Brombacher tough enough to lead Florida

Editor's note: Graham Hays is counting down to the start of the 2011 college softball season with a look at each of the teams in his top 20. Check back daily for updates.

No. 7 Florida
Last season: 49-10, lost in Women's College World Series
Who returns: The list of returnees includes three players who slugged better than .700 in full-time duty last season and six who managed on-base percentages of .400 or better. In other words, there is some talent on hand. Kelsey Bruder (1.172 OPS), Megan Bush (1.160 OPS),Tiffany DeFelice (1.063 OPS) and Aja Paculba (1.021) are proven run producers, but sophomore Brittany Schutte might just be the best of the bunch. As a freshman, Schutte's 19 home runs and 1.237 OPS led the Gators, and she was up for the challenge in her first taste of softball in Oklahoma City. Who departs: Francesca Enea left Gainesville in possession of the all-time and single-season school records in home runs and won't be an easy bat to replace. But less-heralded third baseman Corrie Brooks routinely earned praise from coach Tim Walton as a cornerstone. After starting 48 games as a freshman, shortstop Brittany Walker transferred to Texas A&M. Who arrives: Kasey Fagan, the Gatorade National Player of the Year as a senior in high school, could play third base, outfield or designated hitter on a given day, but she will play something. The only one of Florida's four freshmen from out of state, Cheyenne Coyle keeps the California pipeline open and is penciled in at shortstop. Hannah Rogers arrives in the circle and will likely serve as the staff's No. 2 pitcher behind Stephanie Brombacher. Junior-college transfer Ashley Snedeker arrives after two successful seasons at Yavapai College. Statistically speaking: The 10 Floridians on the rosters are the most since 2006, Walton's first season in Gainesville. Preseason question: Is any pitcher tougher than Stephanie Brombacher?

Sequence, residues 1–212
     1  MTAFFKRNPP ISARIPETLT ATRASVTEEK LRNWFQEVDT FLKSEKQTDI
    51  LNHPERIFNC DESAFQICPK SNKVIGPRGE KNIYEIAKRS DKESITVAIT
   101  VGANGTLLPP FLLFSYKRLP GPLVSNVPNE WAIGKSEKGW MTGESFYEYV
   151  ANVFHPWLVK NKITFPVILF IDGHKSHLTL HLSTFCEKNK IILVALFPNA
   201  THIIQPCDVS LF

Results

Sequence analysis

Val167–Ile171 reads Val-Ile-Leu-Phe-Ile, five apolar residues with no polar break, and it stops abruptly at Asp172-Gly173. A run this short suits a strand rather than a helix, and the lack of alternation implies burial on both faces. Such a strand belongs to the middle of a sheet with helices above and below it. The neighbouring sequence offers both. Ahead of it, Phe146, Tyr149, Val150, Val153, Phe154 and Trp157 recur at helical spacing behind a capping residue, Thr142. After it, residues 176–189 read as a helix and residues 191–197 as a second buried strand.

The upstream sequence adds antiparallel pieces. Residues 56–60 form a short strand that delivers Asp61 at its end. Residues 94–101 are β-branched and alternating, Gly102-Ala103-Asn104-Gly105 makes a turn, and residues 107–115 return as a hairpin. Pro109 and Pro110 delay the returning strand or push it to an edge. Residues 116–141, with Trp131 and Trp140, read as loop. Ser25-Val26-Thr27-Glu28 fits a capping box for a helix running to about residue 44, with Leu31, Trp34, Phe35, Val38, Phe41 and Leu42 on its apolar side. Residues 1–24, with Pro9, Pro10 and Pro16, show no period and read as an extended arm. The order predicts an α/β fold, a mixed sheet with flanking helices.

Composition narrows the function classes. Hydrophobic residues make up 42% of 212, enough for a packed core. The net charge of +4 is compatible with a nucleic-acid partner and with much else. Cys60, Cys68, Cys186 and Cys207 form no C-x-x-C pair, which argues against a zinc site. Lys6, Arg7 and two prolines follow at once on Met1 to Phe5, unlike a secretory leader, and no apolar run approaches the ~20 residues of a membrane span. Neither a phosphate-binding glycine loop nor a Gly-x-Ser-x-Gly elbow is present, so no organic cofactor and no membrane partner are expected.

Granted, any pitcher would find it nice to have an offense behind her that puts up runs like a certain former Heisman-winning quarterback used to put up touchdowns in Gainesville. And yes, some will suggest Brombacher had a hand, or perhaps a foot, in her own uncomfortable role as one of the central figures in the illegal-pitch controversy that prevailed last postseason. But those stipulations aside, there is a strong case to be made that Brombacher mixed mental fortitude with wicked movement better than just about anyone last season. All she had to do last season was replace Stacey Nelson, the smiling Californian who guided the Gators to the championship series in Oklahoma City by allowing a grand total of 25 earned runs in 285.1 innings as a senior in 2009. And as if to make her task that much more interesting, Brombacher then lost her first start last season after going 42-0 in two seasons as Nelson's understudy. She didn't lose many more, finishing with a 35-8 record and a 2.01 ERA in 226.1 innings. And when all that work seemed to come undone in Florida's opening game of the World Series, a 16-3 loss to UCLA in which Brombacher was called for four illegal pitches and exited in the third inning, she turned around and threw a shutout in an elimination game against Missouri two days later and gave her team a chance to compete against a hot-hitting Georgia team that night. "I thought she handled herself very well," Walton said. "For any pitcher on that stage, under that microscope and to get that kind of result, I mean, you're for sure going to see a kid just buckle and start crying and just give in. And I don't think she gave in at all." Part of that comes from, as her coach described it, learning to control what she can control when it comes to concentration in the circle if the calls start coming. But controlling the source of the problem remains a priority. "We call every illegal pitch in practice," Walton said. "When she's illegal in practice, we call it. When she's legal in practice, we don't call it. I just know this fall has been the best she's been at keeping her foot on the ground. It's been the best that she's been -- she's throwing harder now. She's the one at a disadvantage the way she throws an illegal pitch, so if we can get her more legal, she's going to throw harder, have more movement and probably end up being a better pitcher." The Gators don't need Brombacher to be Nelson in order to win the championship the latter came so close to clinching. In getting back to the World Series last year, team and pitcher proved they can do just fine with Brombacher being herself. "I'll be honest with you, I was more proud of that team last year than any team I've coached because we got over a hump," Walton said. "Some teams can get to the World Series two years and you can go, 'Oh, well they had a great pitcher.' We went to the College World Series with another pitcher. I think that's huge." Florida's 2009 season was a tough act to follow, but as it turns out, Brombacher does tough pretty well.

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